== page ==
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Biomed Eng Online. 2011 Aug 22;10:76. doi: 10.1186/1475-925X-10-76.

Magnetic resonance imaging detects significant sex differences in human myocardial strain.

Author information

1
Department of Surgery, Washington University School of Medicine, 660 S. Euclid Ave, St. Louis, Missouri 63110, USA. lawtonj@wudosis.wustl.edu

Abstract

BACKGROUND:

The pathophysiology responsible for the significant outcome disparities between men and women with cardiac disease is largely unknown. Further investigation into basic cardiac physiological differences between the sexes is needed. This study utilized magnetic resonance imaging (MRI)-based multiparametric strain analysis to search for sex-based differences in regional myocardial contractile function.

METHODS:

End-systolic strain (circumferential, longitudinal, and radial) was interpolated from MRI-based radiofrequency tissue tagging grid point displacements in each of 60 normal adult volunteers (32 females).

RESULTS:

The average global left ventricular (LV) strain among normal female volunteers (n = 32) was significantly larger in absolute value (functionally better) than in normal male volunteers (n = 28) in both the circumferential direction (Male/Female = -0.19 ± 0.02 vs. -0.21 ± 0.02; p = 0.025) and longitudinal direction (Male/Female = -0.14 ± 0.03 vs. -0.16 ± 0.02; p = 0.007).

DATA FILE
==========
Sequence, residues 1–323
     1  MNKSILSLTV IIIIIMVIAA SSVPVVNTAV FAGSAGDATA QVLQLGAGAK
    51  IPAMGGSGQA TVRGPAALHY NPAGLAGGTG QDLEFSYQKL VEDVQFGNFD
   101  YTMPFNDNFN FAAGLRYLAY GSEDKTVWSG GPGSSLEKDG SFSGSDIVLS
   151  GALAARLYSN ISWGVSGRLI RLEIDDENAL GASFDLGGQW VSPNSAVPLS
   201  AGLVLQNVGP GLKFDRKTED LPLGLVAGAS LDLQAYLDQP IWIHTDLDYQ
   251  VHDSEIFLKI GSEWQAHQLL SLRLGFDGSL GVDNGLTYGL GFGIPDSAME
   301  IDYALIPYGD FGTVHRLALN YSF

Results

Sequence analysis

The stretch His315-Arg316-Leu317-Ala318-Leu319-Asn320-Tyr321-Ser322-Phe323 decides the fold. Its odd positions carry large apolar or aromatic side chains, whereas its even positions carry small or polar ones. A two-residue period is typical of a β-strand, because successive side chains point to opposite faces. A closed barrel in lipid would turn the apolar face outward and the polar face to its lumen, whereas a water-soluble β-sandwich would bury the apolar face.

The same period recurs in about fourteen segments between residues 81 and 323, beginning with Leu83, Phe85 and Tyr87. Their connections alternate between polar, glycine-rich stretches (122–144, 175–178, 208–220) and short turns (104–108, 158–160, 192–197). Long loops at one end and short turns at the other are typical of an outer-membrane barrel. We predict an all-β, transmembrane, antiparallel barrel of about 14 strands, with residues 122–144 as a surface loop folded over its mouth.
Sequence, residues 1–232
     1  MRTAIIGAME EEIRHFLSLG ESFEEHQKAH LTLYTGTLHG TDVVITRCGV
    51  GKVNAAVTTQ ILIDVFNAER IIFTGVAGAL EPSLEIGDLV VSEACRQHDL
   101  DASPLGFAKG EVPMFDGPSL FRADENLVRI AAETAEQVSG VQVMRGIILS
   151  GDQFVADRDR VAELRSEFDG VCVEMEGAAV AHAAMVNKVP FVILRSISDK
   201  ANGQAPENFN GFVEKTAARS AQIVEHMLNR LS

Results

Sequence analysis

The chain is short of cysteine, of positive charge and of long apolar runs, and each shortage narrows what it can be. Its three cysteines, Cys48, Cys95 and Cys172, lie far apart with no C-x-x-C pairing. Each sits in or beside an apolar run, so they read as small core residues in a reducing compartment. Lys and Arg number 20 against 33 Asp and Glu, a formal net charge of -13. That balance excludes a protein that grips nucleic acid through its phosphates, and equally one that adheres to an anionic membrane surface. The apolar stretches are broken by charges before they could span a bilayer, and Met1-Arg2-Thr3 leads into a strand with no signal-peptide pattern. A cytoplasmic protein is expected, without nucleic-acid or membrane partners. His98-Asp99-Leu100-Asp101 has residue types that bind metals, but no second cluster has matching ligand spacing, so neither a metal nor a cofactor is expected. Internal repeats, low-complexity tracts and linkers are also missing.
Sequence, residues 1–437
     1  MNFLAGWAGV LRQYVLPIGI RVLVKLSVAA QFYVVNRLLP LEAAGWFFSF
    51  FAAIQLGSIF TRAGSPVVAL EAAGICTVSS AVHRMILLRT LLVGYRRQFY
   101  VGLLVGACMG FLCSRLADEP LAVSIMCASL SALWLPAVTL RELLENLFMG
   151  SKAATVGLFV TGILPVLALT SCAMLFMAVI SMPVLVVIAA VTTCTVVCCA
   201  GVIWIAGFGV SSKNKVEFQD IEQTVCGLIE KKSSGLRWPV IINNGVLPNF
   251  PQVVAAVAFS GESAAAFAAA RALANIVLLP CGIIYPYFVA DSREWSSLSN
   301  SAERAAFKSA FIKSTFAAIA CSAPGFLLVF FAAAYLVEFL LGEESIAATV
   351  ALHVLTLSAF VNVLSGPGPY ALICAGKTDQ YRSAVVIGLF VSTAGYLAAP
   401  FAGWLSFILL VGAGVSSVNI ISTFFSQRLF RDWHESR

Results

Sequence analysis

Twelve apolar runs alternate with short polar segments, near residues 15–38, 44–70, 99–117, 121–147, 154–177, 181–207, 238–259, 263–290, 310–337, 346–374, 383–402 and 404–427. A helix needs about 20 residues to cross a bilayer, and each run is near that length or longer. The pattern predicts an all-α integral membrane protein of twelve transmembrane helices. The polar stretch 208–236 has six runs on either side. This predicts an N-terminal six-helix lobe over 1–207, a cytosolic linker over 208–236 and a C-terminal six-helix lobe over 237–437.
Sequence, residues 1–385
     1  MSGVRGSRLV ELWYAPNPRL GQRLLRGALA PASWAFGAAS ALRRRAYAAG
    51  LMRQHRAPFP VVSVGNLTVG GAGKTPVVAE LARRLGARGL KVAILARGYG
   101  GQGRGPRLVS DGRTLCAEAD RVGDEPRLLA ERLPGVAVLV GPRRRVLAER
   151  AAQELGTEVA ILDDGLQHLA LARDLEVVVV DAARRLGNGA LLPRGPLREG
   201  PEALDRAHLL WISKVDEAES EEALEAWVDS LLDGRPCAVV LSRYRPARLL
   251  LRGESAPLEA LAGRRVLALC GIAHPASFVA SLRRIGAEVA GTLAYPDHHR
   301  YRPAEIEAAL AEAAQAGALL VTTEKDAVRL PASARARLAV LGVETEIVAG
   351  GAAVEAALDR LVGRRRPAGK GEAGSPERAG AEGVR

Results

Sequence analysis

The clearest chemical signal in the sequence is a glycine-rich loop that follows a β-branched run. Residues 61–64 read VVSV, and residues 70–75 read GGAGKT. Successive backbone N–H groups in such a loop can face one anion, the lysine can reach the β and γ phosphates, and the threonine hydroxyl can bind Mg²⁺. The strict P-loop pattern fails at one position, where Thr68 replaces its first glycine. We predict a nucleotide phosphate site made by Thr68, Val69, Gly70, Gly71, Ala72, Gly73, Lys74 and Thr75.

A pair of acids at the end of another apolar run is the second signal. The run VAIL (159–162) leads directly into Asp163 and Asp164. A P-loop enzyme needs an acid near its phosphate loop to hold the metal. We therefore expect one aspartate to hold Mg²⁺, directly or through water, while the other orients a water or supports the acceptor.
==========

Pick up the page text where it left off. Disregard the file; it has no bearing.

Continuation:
CONCLUSIONS:

The finding of significantly larger circumferential and longitudinal LV strain among normal female volunteers suggests that baseline contractile differences between the sexes may contribute to the well-recognized divergence in cardiovascular disease outcomes. Further work is needed in order to determine the pathologic changes that occur in LV strain between women and men with the onset of cardiovascular disease.

PMID:
21859466
PMCID:
PMC3180436
DOI:
10.1186/1475-925X-10-76
[Indexed for MEDLINE]
Free PMC Article

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